By Lottie Adams, Third year Neuroscience
University of Bristol researchers, in conjunction with UiT (The Arctic University of Norway), have developed a method of monitoring sea ice that combines existing satellite technology with artificial intelligence to allow for unprecedented year round monitoring of ice thickness and spread.
“The Arctic ice is melting faster than ever. We need knowledge about the thickness of the sea ice, both to reduce safety risks for businesses and shipping in the Arctic, but also to make forecasts for the future climate”, informed Dr Jack Landy, the lead author, based at UiT and formerly Bristol.
The article, published in Nature last month, is the first time scientists have been able to report data about the spread of sea ice across the entire Arctic year-round. This has profound implications for both improvements of safety for ships travelling within the region and measurements of ice retreat in the context of climate change.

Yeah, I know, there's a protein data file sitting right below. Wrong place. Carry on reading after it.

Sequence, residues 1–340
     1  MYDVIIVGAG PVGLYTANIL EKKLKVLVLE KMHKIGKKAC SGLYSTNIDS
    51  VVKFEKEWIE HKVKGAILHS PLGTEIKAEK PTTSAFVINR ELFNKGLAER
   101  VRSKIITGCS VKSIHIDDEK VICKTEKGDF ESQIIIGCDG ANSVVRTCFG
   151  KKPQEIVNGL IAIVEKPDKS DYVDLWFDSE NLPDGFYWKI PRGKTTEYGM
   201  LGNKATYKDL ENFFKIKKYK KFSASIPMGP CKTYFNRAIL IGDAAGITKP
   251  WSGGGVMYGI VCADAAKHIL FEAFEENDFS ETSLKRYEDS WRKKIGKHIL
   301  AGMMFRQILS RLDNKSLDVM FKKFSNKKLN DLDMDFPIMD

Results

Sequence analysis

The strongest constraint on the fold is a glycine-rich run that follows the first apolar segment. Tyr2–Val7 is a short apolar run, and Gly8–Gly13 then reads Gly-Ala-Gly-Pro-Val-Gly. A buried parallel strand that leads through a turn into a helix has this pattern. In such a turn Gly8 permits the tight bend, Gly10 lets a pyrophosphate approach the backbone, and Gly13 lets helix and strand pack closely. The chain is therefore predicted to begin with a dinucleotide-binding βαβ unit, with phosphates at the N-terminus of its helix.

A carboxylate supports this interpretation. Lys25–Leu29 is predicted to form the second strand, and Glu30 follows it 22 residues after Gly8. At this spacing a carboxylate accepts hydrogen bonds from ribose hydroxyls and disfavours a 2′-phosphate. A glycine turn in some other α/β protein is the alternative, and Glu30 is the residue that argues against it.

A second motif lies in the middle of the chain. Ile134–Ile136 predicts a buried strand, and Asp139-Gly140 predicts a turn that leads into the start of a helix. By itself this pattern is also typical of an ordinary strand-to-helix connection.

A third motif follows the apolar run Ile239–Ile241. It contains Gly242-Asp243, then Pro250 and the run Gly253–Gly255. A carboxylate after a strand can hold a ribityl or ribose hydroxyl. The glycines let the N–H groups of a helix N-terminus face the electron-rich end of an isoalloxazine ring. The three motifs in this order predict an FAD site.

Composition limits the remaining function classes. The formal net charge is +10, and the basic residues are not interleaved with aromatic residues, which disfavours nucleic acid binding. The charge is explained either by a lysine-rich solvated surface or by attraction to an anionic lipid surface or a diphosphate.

Before this use of AI, satellites used to measure sea ice could not function in the summer season. Dr Landy cites the cause of this as ‘In the summer months the satellites are dazzled by ponds of snow and ice meltwater that pool on the sea ice surface.’
When developing this technology, researchers compared previous satellite images with ice spread data from radar echo response. The AI used this comparison to identify unique characteristics of meltwater and seawater, meaning real time satellite images can be analysed in the same way in order to forecast ice spread up to 310 days in advance. They have developed another similar programme which measures the thickness and height of the ice, meaning ships travelling through the area can assess whether they can break through.
‘Using the new satellite data, we are finally able to make sea ice forecasts informed by the ice thickness, not only for the winter, but also for the summer. This will reduce safety risks for ships and fishing boats’ announced Dr Landy. ‘We can also predict whether there will be ice or not at a given location in September, by measuring the ice thickness in May.’
As ice recedes in the summer months, shipping in the area will increase and this technology will become increasingly essential, especially as the region becomes busier and ships need to accurately plot their course to avoid the risk of collisions.
Featured image: Unsplash / Annie Spratt